Garden lore: protecting arms

Puttees. But for lower arms. We have large swathes of bromeliads that need an occasional clean out of accumulated debris and dead foliage. Many bromeliads have finely prickled edges that can rip arms to shreds and will find the small gap between glove and long sleeves. These are my DIY solution and are equally useful for reaching into many prickly or scratchy plants.

They are just the sleeves from a denim shirt cut to size and elasticised top and bottom and I keep them to hand in my gardening basket. While I find my shredded arms heal remarkably quickly (the reddening and discomfort will disappear overnight if I coat them in that potent  liniment still made by Rawleighs and sold as antiseptic salve), I am mindful that as we age and skin thins, it may be wiser to try and avoid tempting fate. Gardens host all sorts of fungi and bacteria which may not be good on broken skin. I have heard horror stories over the years about bad infections from wounds caused by rose thorns.

The colour match between my puttees and the pair of gardening gloves was mere serendipity.

Look at all those little hooks on the margins of the bromeliad leaves

12 thoughts on “Garden lore: protecting arms

  1. mariamaramanu

    Very clever idea Abbie. I will adopt it. The commercially available ones are not really up to the task. The ultimate test would be if they can protect you from the spikes of Puya sylvestris.
    Maria
    Mara Manu.

    Reply
    1. Abbie Jury Post author

      That one may need leather gloves and puttees! I do not like prickly plants but our bromeliads are such a feature here that I have to make allowances for them. I have removed a fair number of other prickly blighters on the grounds that their disadvantages outweigh their merits.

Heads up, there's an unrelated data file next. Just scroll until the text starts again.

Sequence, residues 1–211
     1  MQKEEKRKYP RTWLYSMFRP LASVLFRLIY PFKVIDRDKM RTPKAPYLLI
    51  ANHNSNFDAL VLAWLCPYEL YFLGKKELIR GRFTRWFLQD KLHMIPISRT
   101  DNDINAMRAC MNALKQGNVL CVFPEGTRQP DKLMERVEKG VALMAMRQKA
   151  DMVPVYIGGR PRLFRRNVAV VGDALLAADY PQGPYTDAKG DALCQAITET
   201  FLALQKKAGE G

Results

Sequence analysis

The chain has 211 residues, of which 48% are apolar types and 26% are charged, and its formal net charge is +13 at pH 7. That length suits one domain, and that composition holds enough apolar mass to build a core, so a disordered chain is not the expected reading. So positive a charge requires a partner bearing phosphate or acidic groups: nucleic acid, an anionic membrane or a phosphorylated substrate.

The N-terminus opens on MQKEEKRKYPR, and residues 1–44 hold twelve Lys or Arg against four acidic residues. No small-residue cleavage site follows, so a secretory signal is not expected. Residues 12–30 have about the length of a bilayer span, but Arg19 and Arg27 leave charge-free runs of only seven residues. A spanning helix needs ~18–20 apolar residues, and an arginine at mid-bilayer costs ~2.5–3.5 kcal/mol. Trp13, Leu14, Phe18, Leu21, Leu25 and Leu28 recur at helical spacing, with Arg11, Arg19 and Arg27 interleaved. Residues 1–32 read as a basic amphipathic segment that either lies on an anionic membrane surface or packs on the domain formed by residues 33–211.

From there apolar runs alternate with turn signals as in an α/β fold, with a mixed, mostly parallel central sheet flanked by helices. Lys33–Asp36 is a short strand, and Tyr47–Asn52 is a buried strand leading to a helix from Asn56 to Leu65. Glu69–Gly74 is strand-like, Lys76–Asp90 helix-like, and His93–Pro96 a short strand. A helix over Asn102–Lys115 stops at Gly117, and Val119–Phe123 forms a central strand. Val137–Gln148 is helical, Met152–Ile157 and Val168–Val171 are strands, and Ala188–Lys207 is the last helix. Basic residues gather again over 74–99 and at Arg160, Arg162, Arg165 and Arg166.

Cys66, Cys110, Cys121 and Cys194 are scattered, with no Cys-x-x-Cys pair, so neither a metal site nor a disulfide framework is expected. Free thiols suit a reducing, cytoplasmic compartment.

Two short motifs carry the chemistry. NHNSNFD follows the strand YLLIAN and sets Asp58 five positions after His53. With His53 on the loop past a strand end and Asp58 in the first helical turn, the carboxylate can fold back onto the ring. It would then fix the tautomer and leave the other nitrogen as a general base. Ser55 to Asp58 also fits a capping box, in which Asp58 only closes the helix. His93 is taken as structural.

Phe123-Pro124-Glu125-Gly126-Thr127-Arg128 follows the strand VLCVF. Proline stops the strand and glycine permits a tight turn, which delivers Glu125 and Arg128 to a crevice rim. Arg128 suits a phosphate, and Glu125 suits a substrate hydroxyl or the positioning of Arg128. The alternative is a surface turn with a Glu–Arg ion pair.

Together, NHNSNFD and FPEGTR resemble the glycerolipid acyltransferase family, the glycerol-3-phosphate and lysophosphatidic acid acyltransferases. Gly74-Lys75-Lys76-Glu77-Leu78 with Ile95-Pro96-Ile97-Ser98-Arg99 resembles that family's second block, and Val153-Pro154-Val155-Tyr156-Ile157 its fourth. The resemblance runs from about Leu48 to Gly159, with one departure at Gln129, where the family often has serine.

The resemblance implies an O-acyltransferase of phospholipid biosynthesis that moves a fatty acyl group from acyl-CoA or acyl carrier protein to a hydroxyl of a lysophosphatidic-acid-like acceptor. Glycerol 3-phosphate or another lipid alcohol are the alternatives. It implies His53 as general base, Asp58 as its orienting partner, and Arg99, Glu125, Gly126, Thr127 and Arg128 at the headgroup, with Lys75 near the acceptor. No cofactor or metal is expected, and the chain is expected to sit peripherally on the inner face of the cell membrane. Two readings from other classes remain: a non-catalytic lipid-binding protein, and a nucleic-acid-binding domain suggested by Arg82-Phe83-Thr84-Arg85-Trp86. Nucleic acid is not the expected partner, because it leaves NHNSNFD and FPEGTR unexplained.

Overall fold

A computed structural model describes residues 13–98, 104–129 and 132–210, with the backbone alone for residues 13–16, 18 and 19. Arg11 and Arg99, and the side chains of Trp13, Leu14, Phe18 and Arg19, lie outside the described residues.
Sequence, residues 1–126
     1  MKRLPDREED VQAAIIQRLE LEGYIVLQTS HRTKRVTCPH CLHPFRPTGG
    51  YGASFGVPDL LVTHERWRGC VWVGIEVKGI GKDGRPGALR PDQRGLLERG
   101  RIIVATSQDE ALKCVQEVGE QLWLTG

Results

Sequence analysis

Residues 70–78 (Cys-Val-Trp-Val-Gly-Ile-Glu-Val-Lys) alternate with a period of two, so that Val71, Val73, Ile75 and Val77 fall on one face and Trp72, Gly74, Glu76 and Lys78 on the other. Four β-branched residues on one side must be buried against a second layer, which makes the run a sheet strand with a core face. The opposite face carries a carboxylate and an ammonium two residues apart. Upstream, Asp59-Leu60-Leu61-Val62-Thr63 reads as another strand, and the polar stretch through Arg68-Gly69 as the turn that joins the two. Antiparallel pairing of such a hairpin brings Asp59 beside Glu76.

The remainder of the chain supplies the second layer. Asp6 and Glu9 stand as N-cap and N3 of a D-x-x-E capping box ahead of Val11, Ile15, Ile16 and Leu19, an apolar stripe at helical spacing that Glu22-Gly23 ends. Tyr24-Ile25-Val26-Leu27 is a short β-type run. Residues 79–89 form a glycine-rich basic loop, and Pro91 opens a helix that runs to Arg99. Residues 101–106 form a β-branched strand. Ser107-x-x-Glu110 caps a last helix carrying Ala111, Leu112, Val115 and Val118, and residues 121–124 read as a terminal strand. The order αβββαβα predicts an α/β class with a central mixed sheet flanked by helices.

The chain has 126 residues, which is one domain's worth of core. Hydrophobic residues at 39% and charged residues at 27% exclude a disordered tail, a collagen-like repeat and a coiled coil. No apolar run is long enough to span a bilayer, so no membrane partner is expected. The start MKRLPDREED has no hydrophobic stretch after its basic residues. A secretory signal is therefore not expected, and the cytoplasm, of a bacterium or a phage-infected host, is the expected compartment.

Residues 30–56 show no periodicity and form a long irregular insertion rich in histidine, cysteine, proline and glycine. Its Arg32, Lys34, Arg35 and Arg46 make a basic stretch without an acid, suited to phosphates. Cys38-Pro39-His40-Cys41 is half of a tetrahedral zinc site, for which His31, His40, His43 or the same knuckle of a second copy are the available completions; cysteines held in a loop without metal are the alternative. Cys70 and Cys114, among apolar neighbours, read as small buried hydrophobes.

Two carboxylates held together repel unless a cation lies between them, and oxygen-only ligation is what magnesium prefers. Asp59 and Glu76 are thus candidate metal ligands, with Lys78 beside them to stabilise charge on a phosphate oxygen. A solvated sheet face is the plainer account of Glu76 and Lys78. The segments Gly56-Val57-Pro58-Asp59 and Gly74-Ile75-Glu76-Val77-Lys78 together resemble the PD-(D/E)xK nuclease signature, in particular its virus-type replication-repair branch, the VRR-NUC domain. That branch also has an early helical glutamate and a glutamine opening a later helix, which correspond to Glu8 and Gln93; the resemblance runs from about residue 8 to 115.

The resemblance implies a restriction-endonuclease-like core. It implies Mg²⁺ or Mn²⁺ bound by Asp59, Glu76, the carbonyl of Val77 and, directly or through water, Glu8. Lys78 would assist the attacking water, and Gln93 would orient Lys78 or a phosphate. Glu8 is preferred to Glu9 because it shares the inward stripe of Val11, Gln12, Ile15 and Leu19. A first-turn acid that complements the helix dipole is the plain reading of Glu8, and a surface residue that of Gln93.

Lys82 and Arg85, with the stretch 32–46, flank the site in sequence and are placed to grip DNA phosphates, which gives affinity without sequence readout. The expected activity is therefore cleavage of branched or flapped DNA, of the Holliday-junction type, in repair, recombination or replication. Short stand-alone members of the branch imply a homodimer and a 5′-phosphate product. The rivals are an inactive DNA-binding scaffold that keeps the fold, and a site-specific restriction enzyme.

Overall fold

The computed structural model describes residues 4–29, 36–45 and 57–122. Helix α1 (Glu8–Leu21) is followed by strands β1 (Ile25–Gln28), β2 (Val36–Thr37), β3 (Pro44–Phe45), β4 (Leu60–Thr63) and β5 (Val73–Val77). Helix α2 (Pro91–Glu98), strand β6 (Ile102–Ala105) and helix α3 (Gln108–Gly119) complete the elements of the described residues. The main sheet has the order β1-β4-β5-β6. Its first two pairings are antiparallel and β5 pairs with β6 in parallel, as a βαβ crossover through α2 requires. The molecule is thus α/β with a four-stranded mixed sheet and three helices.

Reply
      1. mariamaramanu

        I agree with the prickly principle but have made an exception with Puya sylvestris because of the extraordinary colour of its flowers, for which, I have to admit, we have been waiting for about 15 years! And somes roses, of course. I have been wondering about bromeliads for some time because of the abundance of shade here so will think some more. Lovely form.

      2. Abbie Jury Post author

        Broms give a luxuriant sub tropical look to woodland and we use them extensively in dry shade. The foliage does not colour as well in shade (particularly noticeable in the red ones) but we live with that. At least they are frost free, easy-care and exotic.

  2. joan byrne

    Thank you for recipe for Brazilian Puffs. Have adapted it to wraps by increasing the eggs to 3 and reducing the tapioca flour a little. It has made a big difference to my gluten free diet. J

    Reply
    1. Abbie Jury Post author

      Oh that is interesting. I will try that. I am not so keen on the doughy wraps that I buy. Do you want the best ever (and easiest and tastiest) cracker recipe that has come my way? It uses spelt flour but if that is a problem, you could experiment with other flours. I have also used it for making corn chips from scratch (on account of the heritage maize crop Mark grew) and am about to try it on oatmeal crackers. It is the technique and proportions that seem to matter more than the ingredients – which are hugely flexible.